Saturday, 27 July 2013

Whatever Happened To...Isadora Duncan?


'If I could tell you what it meant, there would be no point dancing it.' (Isadora Duncan)
 
 She was born ahead of her time - a free spirit who cared nothing for the strict rules of early twentieth century society. Yet she took dance to new levels and her influence remains to this day.

Her name was Angela Isadora Duncan and she was born in San Franciso in 1877, the youngest of four children. Her father owned a bank but lost it and was publicly disgraced. Sadly, this loss plunged the family into abject poverty. 

Following her parents' divorce in 1889, she moved with her family to Oakland and attended school there, although with little enthusiasm. She found the rules and regulations imposed on her constricting. So began an attitude she would keep for the rest of her life.Wherever there was a rule, it seemed, Isadora would flout it.

Having developed a love of dance in childhood, she was keen to pursue it and joined Augustin Daly's theatre company in New York in 1896, but here again, her dislike of conforming to set styles and techniques meant she clashed with her contemporaries and felt unhappy and frustrated. In 1898, she left for England, where her free style was more appreciated. She took her inspiration from the illustrations she saw on Greek vases and dressed in flowing, diaphonous garments, leaving little - if anything - to the imagination. The well heeled of London engaged her to perform in their drawing rooms and from there, she travelled to Paris, creating new dance techniques and opening up a dance school. This gave her the opportunity to further her philosophy of dancing as an art form and said, 'let them come forth with great strides, leaps and bounds, with lifted forehead and far-spread arms, to dance.'
Her emphasis was on freedom of expression and natural body movement, including skipping, rather than adherence to ballet technique and, while enjoying mixed critical success, she inspired a number of famous artists such as Auguste Rodin.

She transferred her school to New York when she returned there in 1914. Her radical ideas and way of life attracted many admirers of both sexes, although her Communist political leanings made her enemies.

Isadora also had to endure the tragic loss of both her children in an accident in Paris in 1913. Her grief led her to spend months recuperating in Corfu and eventually to Viareggio in northern Tuscany, where she stayed with actress Eleonora Duse. Eleonora had just ended a tempestuous relationship with the outspoken feminist, Lina Polletti and there was much speculation as to the actual nature of her relationship with Isadora, who was known to be bisexual.

Scandal was never far from Isadora's door. In an age when nudity was shunned, she bared her breast on stage and her private life was the stuff of tabloids. She bore two children out of wedlock and had a number of affairs, although she did marry in 1922. Her husband was eighteen years her junior - one of Russia's most celebrated lyrical poets of the day, Sergei Yesenin, who left her a year later and committed suicide in 1925 at the age of thirty.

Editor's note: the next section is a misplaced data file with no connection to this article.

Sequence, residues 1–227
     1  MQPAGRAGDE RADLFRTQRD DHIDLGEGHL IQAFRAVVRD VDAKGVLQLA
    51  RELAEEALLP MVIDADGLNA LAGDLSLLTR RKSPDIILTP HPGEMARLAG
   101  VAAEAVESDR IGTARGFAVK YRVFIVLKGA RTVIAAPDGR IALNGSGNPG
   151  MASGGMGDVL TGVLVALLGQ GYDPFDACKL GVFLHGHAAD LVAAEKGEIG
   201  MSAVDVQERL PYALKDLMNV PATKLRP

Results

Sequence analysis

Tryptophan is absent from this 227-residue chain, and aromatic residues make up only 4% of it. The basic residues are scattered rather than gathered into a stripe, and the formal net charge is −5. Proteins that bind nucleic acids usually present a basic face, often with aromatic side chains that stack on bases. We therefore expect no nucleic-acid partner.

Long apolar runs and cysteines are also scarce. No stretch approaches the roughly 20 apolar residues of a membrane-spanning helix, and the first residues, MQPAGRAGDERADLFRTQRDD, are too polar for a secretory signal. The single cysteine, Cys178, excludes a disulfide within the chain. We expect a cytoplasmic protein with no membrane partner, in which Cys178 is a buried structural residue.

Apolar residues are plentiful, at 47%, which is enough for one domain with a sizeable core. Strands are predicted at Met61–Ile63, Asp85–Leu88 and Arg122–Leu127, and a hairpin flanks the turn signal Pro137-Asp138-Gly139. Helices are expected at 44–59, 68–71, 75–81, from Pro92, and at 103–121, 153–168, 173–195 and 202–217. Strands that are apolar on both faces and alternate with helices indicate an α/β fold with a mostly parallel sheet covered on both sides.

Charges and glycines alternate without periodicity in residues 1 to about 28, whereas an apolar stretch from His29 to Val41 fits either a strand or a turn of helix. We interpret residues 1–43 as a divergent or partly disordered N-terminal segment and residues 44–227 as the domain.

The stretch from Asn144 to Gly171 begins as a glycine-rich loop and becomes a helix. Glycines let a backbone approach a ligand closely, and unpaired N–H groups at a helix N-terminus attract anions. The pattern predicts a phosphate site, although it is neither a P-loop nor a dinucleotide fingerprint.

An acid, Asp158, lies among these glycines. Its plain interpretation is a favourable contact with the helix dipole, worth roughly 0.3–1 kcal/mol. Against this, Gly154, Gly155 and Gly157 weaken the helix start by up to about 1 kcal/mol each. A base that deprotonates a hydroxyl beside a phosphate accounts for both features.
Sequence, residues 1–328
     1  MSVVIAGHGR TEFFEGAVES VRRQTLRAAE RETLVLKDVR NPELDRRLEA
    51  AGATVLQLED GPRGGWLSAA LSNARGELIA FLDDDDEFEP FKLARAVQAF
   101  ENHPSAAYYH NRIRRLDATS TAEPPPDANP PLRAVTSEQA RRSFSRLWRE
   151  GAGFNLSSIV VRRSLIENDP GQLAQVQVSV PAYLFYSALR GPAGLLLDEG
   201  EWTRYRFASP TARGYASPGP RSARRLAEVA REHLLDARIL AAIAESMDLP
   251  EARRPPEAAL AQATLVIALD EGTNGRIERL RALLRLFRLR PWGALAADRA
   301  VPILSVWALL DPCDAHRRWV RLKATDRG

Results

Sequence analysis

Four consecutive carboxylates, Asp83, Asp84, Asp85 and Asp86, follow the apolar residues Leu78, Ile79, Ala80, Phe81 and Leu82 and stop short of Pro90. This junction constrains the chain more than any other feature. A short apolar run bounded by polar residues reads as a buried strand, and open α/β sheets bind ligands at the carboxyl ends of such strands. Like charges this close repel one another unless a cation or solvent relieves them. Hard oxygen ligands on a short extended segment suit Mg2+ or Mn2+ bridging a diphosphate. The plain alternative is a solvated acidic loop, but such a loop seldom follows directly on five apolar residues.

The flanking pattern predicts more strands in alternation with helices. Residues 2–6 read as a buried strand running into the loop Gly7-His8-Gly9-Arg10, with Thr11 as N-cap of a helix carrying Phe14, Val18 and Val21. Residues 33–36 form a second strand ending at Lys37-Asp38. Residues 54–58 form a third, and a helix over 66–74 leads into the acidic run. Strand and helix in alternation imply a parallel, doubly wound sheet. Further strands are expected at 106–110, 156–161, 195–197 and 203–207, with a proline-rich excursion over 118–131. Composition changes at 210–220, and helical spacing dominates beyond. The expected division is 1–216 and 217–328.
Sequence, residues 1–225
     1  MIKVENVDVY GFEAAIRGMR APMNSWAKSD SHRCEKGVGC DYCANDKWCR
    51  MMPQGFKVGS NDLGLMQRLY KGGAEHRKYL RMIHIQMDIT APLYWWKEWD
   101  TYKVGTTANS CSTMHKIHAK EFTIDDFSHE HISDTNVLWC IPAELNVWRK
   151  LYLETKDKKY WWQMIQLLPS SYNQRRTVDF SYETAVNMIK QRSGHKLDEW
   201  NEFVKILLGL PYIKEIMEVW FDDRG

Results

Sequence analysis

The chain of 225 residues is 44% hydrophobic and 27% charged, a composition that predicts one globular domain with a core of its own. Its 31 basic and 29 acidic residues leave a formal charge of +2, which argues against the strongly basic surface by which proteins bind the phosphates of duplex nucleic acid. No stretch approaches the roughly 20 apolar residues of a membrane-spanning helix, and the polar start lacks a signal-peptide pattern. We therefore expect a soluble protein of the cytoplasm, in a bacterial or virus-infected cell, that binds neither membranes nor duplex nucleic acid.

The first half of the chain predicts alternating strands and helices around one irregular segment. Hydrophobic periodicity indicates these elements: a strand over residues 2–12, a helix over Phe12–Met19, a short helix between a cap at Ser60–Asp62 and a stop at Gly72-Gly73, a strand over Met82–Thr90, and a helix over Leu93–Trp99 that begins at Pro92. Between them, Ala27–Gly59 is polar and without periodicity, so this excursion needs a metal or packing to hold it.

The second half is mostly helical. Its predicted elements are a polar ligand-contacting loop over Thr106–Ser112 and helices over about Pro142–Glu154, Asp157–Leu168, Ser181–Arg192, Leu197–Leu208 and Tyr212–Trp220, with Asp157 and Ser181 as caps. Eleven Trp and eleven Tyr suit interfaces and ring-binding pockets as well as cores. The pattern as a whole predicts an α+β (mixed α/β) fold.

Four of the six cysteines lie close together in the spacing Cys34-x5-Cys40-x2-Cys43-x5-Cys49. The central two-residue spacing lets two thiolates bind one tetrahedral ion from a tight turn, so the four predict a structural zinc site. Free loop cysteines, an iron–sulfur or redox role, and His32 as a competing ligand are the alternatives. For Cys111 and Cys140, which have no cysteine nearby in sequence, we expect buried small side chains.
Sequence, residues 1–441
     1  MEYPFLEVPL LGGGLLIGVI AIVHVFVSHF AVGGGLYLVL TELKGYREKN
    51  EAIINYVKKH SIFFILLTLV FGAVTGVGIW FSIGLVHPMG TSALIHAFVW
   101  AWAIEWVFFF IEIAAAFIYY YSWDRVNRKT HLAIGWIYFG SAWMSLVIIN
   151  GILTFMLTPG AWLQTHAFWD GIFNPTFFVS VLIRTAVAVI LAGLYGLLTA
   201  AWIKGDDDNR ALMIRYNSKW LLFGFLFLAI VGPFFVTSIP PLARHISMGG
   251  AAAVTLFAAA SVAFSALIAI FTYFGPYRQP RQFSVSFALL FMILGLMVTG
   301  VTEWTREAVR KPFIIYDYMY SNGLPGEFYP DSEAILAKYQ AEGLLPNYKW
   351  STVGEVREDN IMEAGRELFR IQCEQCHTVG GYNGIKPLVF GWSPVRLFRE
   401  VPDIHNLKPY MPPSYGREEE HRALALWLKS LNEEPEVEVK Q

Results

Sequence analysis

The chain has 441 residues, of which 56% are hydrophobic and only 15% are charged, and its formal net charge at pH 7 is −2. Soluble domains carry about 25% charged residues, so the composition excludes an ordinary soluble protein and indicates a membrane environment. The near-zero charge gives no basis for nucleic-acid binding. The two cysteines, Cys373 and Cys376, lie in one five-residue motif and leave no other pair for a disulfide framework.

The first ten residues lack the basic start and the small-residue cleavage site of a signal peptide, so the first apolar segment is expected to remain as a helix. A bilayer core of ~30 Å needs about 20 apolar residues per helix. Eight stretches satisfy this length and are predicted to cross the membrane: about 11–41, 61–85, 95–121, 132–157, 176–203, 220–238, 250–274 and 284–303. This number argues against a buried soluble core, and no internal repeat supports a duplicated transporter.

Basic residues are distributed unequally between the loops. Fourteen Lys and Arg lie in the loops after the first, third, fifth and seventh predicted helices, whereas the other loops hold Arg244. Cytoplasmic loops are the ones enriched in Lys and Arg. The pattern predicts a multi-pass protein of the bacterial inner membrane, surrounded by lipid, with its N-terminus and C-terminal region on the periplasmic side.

Lonely and desperate to have another child, Isadora persuaded sculptor Romano Romanelli - someone she barely knew - to sleep with her and get her pregnant. He agreed and she bore him a son. Sadly, the baby lived just a few hours and died before she had even thought of a name for him.

More affairs followed and included both men and women, but Isadora's star was on the wane. Never one to concern herself about money, she built up debts in hotels in Paris and the Mediterranean. Her performing career had dwindled to virtually nothing and she sought solace in drink - resulting in all too frequent bouts of public drunkenness. But she clung fast to her unconventional beliefs and eccentric dress, loving long flowing scarves in particular - little knowing that one of them would eventually kill her.
When the debts started to catch up with her and she could no longer afford to stay in hotels, she curbed her extravagances somewhat by living in a succession of apartments rented for her by friends. Sadly though, her outrageous behaviour had ensured that many friends and supporters had drifted away, preferrring not to be associated with her in her downward spiral.
On September 14th, 1927, in Nice, fifty year old Isadora got into an open car with a handsome young Italian racing driver, Benoit Falchetto. Refusing to wear a coat, even though the drive would be chilly, she opted instead for a flowing, hand painted silk scarf. Bidding goodbye to friends as she set off, she said, 'Je vais à l'amour' ('I am off to love'), but she would never arrive at her destination. The scarf blew about in the slipstream and wound itself around the open spoked wheels and rear axle of the Amilcar. Unable to free herself, she was strangled and her neck broken.

Isadora was cremated and her ashes buried in Père Lachaise Cemetery in Paris, but her legacy continues. While her schools of dance didn't last very long, her inspirations, based on classical Greek art, folk dances and natural athleticism, gave rise to the contemporary dance movement and, in 1987, her importance was recognised by her induction into the National Museum of Dance's Mr and Mrs Cornelius Vanderbilt Hall of Fame.

4 comments:

  1. How fabulous to see her lifted up in this post! She's one of my long time heroines.

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  2. Antonia, I so look forward to your wonderful posts. What a tragic story - I can't think of a more horrible death. :-( But I always admire women who, in times which were much less tolerant than today, were brave enough to be themselves. Thanks for this great story. Loved it.

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